Sunday’s Coming

A sabbath way of life (Deuteronomy 5:12-15; Mark 2:23-3:6)

My forebears were a little shortsighted with their strict sabbath codes, but they weren’t entirely wrong.

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My forebears were Scots Presbyterians and fierce sabbath rule keepers. My grandmother cooked her lavish sabbath feasts on Saturdays, so the stove would not be lit and no work done on the holy day. No sports, no games, no frivolities were allowed on Sunday—only worship, rest, and Bible study. (Although there is a nice family story of a strictly observant relative who spent his sabbath resting in his backyard, where he could easily overhear the radio broadcast of the Cubs baseball game coming through the window of a non-observant neighbor.) 

Mark 2:23-28 presents a famous dispute about the sabbath between Jesus and the Pharisees. The Pharisees have caught Jesus’ disciples plucking grain on the holy day, and they confront Jesus about this alleged infraction of the law. As is often the case with pronouncement stories, the point is the pronouncement, and the tale itself has a bit of a contrived feel—I find it hard to imagine even Jesus’ stoutest opponents lurking surreptitiously in the wheat field, spying on the disciples between the stalks. But it hardly matters; what is of interest is Jesus’ statement: “The sabbath was made for humankind, and not humankind for the sabbath; so the Son of Man is lord even of the sabbath.”

As a teenager I welcomed this saying, which I heard as meaning that all the blue-nose Presbyterian rules were off. The sabbath was made for me, and that meant I was free to indulge the day with all the movies, football, dances, and whatever else my heart desired.

I have since learned that Jesus had something deeper in mind. His goal was not to annihilate the sabbath, but to restore it to its true purposes. The sabbath is about participating in and anticipating God’s rest and God’s justice for all. These are the gifts from God that make life human and full, and it is in this sense that “the sabbath was made for humankind.”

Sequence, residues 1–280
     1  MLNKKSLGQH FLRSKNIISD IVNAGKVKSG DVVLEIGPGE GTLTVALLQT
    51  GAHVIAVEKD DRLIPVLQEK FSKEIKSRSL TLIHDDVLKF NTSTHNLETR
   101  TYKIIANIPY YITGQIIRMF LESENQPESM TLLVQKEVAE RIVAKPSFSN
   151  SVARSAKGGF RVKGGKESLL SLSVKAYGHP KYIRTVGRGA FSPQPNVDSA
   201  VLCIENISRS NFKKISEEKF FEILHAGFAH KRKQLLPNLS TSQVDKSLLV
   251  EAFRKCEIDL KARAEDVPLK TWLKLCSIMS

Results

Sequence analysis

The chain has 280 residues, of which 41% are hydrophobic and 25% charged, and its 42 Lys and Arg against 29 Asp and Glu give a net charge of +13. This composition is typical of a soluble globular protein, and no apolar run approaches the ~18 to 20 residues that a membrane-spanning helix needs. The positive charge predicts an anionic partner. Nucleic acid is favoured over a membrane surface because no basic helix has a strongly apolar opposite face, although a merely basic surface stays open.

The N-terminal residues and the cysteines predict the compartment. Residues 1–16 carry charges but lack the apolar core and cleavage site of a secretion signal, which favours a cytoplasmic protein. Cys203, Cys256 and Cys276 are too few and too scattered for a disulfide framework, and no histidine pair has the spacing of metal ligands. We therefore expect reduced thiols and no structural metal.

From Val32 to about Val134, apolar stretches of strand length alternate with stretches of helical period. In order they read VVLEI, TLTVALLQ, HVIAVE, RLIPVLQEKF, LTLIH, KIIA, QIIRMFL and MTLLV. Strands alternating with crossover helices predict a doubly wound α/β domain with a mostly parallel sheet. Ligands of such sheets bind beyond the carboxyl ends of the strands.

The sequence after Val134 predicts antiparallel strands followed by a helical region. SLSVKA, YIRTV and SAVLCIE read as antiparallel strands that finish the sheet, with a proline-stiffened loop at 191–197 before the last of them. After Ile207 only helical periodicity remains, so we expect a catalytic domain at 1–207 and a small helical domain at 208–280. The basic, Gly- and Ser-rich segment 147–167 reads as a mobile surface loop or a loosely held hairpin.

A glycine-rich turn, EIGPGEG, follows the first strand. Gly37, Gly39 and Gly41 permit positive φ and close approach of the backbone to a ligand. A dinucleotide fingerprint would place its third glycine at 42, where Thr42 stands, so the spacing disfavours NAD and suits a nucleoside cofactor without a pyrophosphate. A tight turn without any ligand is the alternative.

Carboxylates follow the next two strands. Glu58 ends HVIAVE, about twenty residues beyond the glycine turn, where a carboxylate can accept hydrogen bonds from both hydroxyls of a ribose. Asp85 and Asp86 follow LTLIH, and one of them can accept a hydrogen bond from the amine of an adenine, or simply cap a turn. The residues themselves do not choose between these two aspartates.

So my forebears were a little shortsighted in their rules and strict sabbath codes—they got the notes but not the music—but they were in their own way on the right track. The sabbath is a way of life, a way of training one’s attention, that leads to the life that really is life. Deep in its disciplines is the goal of clearing away life’s clutter and focusing on what truly matters. 

In his book Kaddish, Leon Wiseltier reports on his decision, after his father died, to observe the practice of reciting the mourner’s kaddish, a psalm-like acclamation that is said every day for many months after the death of a loved one. The process involves going to a synagogue and wrapping phylacteries around one’s arms, leather bands with box-like chambers containing words of the Torah, and then reciting the kaddish. It is an arduous discipline, perhaps much like the sabbath. But one morning, Wiseltier reports, “I am standing in my phylacteries at dawn, and suddenly they feel different. They do not bind me, they gird me.”

Thomas G. Long

Thomas G. Long is professor emeritus of preaching at Candler School of Theology and the author of Preaching from Memory to Hope.

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